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United States Department of Agriculture

Agricultural Research Service

Are your sleeping habits affecting your waistline?
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by Leah Whigham

We all hear plenty about how diet and lack of physical activity can contribute to obesity, but did you know that the amount of sleep you get each night could be just as important? Controlled studies with human volunteers have shown that lack of adequate sleep decreases leptin, a hormone that makes you feel full, while it has the opposite effect on ghrelin, a hormone the promotes hunger.

Not surprisingly, sleep loss increases hunger and food intake. In addition, not going to bed early enough has been found to reduce insulin sensitivity, a condition that increases the risk for diabetes. Sleep deprivation also increases the stress hormone cortisol and promotes inflammation.

If this isn't enough reason to make sure to get adequate sleep, keep in mind that sleep deprivation decreases alertness, memory and cognition. Lack of adequate sleep also adds stress to interpersonal relationships and increases the risk of work-related injury and having an accident while driving.

Most adults need 7.5 to 9 hours of sleep each day. A good rule of thumb to determine how much sleep you need is to see how long you sleep at night (on a night when you are not already sleep deprived) without setting an alarm to wake you in the morning.

It is also important to ensure that you have good "sleep hygiene" - habits that help ensure restful, quality sleep, and daytime alertness.  Here are some tips:

  • Get up and go to bed at the same time every day, even on the weekends.
  • Develop relaxing sleep rituals so your body has cues as to when to slow down and fall asleep.
  • Don't expose yourself to bright light while trying to fall asleep (light signals your brain to be awake).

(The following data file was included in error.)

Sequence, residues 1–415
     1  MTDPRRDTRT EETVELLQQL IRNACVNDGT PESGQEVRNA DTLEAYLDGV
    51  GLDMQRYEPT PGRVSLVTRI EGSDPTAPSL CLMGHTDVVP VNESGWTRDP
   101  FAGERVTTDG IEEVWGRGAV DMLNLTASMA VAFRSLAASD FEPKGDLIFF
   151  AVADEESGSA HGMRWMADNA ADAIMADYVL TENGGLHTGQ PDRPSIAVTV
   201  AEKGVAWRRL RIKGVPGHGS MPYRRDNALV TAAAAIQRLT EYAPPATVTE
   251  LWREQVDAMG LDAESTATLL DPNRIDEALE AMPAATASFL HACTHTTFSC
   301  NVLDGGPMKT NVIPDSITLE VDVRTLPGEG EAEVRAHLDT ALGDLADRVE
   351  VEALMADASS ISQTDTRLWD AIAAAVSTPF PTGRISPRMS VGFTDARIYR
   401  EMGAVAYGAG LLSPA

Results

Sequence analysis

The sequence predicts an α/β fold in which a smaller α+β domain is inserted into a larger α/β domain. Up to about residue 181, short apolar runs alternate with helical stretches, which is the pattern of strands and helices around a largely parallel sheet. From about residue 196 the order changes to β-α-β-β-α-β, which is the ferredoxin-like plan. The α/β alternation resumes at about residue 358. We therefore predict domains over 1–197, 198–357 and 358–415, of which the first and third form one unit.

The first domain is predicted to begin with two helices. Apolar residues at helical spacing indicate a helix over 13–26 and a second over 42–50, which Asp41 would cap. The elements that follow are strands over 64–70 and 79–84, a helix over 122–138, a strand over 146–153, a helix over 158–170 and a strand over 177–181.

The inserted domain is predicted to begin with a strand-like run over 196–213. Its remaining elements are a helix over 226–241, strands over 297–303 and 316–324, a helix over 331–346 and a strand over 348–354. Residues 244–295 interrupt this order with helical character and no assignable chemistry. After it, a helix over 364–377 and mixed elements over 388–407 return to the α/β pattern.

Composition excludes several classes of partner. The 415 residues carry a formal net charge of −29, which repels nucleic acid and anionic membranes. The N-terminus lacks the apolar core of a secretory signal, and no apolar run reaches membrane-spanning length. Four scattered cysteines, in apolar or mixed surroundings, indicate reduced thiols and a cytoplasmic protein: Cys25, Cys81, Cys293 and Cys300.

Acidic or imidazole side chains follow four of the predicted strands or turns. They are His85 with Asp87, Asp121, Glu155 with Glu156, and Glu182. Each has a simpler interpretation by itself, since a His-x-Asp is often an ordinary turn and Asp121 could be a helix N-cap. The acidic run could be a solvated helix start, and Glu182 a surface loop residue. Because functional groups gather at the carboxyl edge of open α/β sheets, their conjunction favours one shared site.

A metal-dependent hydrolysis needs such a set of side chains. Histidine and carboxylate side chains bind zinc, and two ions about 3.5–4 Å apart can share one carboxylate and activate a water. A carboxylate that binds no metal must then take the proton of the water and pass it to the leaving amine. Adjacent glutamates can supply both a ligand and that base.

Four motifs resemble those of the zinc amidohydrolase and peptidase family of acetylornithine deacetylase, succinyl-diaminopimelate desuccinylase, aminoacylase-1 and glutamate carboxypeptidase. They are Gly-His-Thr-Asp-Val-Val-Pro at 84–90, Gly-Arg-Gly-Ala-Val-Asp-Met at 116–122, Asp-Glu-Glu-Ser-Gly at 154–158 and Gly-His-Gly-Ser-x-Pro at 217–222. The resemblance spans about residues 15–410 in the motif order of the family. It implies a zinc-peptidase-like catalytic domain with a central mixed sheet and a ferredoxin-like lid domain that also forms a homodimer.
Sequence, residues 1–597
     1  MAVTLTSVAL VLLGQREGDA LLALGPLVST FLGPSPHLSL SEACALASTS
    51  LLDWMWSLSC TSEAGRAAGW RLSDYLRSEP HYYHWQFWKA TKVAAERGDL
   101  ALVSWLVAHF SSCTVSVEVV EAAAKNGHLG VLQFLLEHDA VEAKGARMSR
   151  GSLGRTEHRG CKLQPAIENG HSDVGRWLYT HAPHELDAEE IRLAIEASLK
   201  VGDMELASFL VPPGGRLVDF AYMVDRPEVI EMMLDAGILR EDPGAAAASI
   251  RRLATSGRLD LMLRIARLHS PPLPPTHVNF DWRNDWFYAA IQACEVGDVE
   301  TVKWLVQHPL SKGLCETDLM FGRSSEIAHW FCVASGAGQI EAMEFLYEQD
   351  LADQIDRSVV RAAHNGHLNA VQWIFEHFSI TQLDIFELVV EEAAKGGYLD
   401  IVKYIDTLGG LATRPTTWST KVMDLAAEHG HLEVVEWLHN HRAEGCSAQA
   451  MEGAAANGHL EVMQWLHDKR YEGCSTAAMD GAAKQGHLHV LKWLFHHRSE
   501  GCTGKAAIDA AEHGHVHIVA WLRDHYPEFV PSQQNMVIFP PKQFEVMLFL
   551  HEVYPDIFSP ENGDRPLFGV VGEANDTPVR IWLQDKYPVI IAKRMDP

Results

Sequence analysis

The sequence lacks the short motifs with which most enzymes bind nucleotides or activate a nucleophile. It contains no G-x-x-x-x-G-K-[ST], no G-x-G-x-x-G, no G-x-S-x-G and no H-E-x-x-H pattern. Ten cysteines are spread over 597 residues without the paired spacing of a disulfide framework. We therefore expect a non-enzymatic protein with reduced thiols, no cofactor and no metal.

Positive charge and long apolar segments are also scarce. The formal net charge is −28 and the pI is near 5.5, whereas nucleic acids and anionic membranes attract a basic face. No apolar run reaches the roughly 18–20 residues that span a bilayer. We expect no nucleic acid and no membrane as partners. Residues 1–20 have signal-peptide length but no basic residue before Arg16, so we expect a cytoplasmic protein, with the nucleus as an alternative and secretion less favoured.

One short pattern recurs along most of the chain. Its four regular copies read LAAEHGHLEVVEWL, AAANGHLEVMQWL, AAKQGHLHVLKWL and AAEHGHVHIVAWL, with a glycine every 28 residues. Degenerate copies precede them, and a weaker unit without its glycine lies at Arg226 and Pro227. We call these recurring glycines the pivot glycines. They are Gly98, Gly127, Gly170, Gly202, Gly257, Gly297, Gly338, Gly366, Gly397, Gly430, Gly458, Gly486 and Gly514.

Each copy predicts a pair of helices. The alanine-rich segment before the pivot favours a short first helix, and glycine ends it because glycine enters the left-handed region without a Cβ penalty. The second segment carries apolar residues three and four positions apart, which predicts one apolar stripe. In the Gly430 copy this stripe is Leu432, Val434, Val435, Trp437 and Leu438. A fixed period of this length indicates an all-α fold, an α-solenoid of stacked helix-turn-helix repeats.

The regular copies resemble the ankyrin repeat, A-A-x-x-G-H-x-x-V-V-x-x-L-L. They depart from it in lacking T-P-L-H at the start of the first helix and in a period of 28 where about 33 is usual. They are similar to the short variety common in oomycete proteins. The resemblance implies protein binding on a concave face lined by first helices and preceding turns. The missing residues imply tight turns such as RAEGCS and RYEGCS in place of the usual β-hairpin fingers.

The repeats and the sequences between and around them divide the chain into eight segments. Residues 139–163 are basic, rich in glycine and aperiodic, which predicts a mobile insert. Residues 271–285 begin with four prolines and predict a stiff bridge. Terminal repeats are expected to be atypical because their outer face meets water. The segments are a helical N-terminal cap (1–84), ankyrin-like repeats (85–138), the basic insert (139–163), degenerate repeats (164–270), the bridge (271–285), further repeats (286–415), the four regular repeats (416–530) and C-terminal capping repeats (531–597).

• Use your bed for sleeping - not watching TV, working, eating, etc. - so that when you go to bed your body knows it is time to sleep.
  • Avoid caffeine, nicotine, and alcohol for 4-6 hours before bedtime. 
  • Avoid going to bed feeling hungry or too full.
  • Be physically active every day to improve both your ability to fall asleep promptly and your sleep quality. But avoid exercising right before going to bed.
  • If you lie in bed for more than about 20 minutes and cannot sleep, get up and do something non-stimulating or relaxing.
  • If you have a hard time "shutting your brain off" when you go to bed, engage in planning and make lists for the next day before attempting to sleep.  Keep paper and pencil by the bed in case you need to write down any last-minute thoughts as you try to drift off to sleep.

In our busy lives, we sometimes have to make sleep more of a priority. If you don't currently get enough sleep, evaluate how you spend your time. For the sake of your health, you may need to trim some other activities (for example, staying up late with friends, watching TV) so that you get adequate sleep.

If you are sleep deprived because of family or other obligations (such as children who don't sleep through the night or elderly family members who need attention at night), call on the help of friends and family to give you a break once in awhile so you can get your much-needed rest. Not only will it help your mood during the day, it is important for your health!

Sweet Dreams!

 


Last Modified: 1/30/2012